European Commission unveils Digital Single Market plans

European Commission unveils Digital Single Market plans

The European Commission has unveiled its plans to create a Digital Single Market for Europe – and improving parcel delivery for goods bought online is a key action point. The EC believes that Europe must “use the power of the EU’s Single Market” to “embrace the digital revolution and open up digital opportunities for people and businesses”.

The aim of the Digital Single Market, said the EC, is “to tear down regulatory walls and finally move from 28 national markets to a single one”.

In a statement issued on the Europa website today (6 May), the EC commented: “At present, barriers online mean citizens miss out on goods and services: only 15% shop online from another EU country; Internet companies and start-ups cannot take full advantage of growth opportunities online: only 7% of SMEs sell cross-border.”

The EC argued that a fully functional Digital Single Market could break down these barriers, and thereby “contribute €415 billion per year to our economy and create hundreds of thousands of new jobs”.

The EC’s Digital Single Market Strategy is built on three pillars: (1) better access for consumers and businesses to digital goods and services across Europe; (2) creating the right conditions and a level playing field for digital networks and innovative services to flourish; (3) maximising the growth potential of the digital economy. Today’s statement set out a series of “key actions” which EC said it “will deliver by the end of 2016”.

With regard to the first pillar, the EC said it will propose harmonised EU rules on contracts and consumer protection for online purchasing and, crucially, it wants to promote “more efficient and affordable parcel delivery”.

“Currently 62% of companies trying to sell online say that too-high parcel delivery costs are a barrier,” claimed the EC – using a statistic drawn from its own Flash Eurobarometer 413, published this month, which aims to reflect the sentiment of “companies engaged in online activities”.

In fact, the statistics presented in the Flash Eurobarometer were a little more nuanced than the 62% dissatisfaction figure that the EC highlighted for its Digital Single Market press release.

The Flash Eurobarometer reported that 62% of companies “that don’t sell online but are currently trying to do so” said that high delivery costs are a problem. However, when the group was broadened out to encompass “companies that sell, used to sell, or tried to sell online to other EU countries”, the proportion who said that high delivery costs are a problem fell to 51%. Similarly, 41% of the first group said that high delivery costs were “a major problem”, whereas only 27% of the broader group shared the same level of concern. The EC may, therefore, have been overstating its case a little by plucking the 62% figure of the report. Nevertheless, the Commission’s main point – that high parcel delivery costs are seen as a problem by the majority of companies and a “major problem” by a significant minority – still stands.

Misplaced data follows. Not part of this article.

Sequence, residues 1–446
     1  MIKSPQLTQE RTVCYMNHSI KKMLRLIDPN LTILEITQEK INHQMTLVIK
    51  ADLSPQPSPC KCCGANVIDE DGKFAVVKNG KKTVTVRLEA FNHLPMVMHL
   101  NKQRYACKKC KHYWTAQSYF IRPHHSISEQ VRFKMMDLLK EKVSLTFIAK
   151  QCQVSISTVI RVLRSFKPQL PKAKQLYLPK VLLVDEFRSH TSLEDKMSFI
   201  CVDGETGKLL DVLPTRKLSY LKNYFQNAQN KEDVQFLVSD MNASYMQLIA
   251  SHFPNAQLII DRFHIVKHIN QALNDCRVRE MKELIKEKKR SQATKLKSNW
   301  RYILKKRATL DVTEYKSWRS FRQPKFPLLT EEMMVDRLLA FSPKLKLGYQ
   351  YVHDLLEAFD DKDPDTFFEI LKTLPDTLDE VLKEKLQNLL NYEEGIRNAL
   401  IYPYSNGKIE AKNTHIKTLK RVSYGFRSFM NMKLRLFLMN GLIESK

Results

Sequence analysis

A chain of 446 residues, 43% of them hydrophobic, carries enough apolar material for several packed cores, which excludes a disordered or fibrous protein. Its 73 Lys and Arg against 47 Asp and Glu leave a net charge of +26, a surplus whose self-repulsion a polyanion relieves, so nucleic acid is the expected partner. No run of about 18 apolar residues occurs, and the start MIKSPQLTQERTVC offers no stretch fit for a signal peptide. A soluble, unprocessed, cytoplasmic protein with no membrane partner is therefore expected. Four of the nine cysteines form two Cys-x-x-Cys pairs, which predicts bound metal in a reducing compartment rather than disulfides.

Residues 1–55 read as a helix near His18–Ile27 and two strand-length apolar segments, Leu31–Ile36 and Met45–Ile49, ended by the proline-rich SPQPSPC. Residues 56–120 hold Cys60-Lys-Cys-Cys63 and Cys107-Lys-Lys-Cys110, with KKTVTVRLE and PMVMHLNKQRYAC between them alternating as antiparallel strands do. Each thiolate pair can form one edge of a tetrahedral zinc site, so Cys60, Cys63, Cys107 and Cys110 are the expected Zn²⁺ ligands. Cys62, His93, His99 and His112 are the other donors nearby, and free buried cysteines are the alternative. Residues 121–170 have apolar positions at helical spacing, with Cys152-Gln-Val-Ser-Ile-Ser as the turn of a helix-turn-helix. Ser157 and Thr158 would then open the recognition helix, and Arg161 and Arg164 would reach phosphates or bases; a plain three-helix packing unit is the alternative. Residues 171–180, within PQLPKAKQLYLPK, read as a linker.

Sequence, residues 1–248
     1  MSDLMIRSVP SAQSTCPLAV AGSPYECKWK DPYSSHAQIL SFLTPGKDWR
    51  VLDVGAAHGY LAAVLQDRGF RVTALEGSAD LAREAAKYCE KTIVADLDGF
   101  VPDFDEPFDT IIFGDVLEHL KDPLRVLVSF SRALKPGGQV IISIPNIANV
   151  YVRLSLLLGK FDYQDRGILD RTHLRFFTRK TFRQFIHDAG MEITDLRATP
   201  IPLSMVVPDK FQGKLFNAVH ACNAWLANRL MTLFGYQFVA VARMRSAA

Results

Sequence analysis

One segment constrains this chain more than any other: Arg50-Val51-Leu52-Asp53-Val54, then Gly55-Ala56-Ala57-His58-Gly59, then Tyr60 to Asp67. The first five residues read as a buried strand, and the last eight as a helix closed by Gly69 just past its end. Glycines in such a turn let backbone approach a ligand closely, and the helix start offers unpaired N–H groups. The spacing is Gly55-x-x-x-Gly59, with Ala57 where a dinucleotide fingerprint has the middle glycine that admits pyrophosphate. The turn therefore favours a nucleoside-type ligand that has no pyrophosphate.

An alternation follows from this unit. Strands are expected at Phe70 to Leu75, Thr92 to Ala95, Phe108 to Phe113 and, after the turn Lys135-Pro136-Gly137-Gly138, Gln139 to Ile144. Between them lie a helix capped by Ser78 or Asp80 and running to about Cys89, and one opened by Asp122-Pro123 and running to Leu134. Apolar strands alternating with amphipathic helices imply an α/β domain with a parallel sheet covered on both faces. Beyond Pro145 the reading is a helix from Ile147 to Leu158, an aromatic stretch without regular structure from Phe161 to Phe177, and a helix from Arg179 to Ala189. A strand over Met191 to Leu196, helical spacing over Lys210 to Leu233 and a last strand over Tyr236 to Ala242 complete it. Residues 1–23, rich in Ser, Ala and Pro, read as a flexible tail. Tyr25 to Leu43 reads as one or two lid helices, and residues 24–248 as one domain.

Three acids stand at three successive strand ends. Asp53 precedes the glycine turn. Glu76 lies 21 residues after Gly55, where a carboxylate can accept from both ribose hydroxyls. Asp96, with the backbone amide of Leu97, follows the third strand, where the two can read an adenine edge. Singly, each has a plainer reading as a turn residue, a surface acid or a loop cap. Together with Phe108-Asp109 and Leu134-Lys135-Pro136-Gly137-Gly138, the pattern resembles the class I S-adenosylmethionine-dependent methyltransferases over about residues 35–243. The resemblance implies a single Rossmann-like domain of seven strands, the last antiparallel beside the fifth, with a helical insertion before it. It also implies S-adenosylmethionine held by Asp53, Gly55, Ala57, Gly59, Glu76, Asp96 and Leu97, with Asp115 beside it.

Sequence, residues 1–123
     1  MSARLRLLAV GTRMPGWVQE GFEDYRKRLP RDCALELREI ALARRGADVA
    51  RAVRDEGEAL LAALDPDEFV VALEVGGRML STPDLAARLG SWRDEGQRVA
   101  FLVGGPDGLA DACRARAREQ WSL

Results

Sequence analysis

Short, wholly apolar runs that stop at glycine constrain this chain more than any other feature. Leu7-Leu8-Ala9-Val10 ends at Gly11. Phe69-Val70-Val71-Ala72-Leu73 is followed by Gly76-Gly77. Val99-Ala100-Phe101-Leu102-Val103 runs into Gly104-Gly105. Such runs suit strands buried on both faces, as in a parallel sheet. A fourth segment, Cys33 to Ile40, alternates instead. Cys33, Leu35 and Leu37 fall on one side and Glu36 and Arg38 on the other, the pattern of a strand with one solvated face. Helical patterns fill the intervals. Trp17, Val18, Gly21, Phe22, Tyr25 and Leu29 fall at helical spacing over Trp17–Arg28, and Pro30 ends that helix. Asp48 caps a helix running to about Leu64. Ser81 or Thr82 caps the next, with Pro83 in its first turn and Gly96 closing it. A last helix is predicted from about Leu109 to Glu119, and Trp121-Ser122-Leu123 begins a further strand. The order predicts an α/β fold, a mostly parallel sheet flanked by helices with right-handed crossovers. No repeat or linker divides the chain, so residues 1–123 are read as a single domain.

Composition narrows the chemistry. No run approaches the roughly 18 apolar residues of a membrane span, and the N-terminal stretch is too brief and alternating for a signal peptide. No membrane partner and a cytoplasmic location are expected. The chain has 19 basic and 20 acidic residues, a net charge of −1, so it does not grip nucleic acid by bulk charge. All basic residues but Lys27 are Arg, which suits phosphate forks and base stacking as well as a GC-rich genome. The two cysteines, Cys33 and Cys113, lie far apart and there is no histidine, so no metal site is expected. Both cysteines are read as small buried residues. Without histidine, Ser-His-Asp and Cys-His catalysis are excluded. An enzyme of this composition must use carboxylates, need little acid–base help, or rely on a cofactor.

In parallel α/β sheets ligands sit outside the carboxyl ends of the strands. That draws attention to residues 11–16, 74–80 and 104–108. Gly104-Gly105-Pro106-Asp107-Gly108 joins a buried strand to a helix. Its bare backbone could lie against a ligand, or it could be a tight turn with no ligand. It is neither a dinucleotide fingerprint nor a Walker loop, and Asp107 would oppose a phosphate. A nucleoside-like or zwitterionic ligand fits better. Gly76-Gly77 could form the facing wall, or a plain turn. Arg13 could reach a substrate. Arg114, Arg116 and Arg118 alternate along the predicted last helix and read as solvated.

In other measures, the EC aims to end “unjustified geo-blocking” – which it described as the “discriminatory practice used for commercial reasons, when online sellers either deny consumers access to a website based on their location, or re-route them to a local store with different prices”. It also wants to overhaul and harmonise copyright laws, VAT regimes and telecoms rules, as well as reviewing issues of data protection and cybersecurity.

The Digital Single Market will be on the agenda of the European Council meeting on 25-26 June.

Click here to view the EC announcement on the Digital Single Market.

Click here to view the Flash Eurobarometer 413 on companies engaged in online activities.


This year’s World Mail & Express European Conference will take a look into transforming parcels and E-commerce delivery especially focusing on European issues.

The event will take place from 8-10 June in Brussels and more information can be found at


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